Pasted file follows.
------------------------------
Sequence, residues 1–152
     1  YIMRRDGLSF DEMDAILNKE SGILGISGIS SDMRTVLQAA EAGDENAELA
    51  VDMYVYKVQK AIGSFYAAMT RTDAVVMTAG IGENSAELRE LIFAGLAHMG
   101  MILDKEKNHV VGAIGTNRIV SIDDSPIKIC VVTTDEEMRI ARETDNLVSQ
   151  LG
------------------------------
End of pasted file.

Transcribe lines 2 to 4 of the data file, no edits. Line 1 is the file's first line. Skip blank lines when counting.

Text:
     1  YIMRRDGLSF DEMDAILNKE SGILGISGIS SDMRTVLQAA EAGDENAELA
    51  VDMYVYKVQK AIGSFYAAMT RTDAVVMTAG IGENSAELRE LIFAGLAHMG
   101  MILDKEKNHV VGAIGTNRIV SIDDSPIKIC VVTTDEEMRI ARETDNLVSQ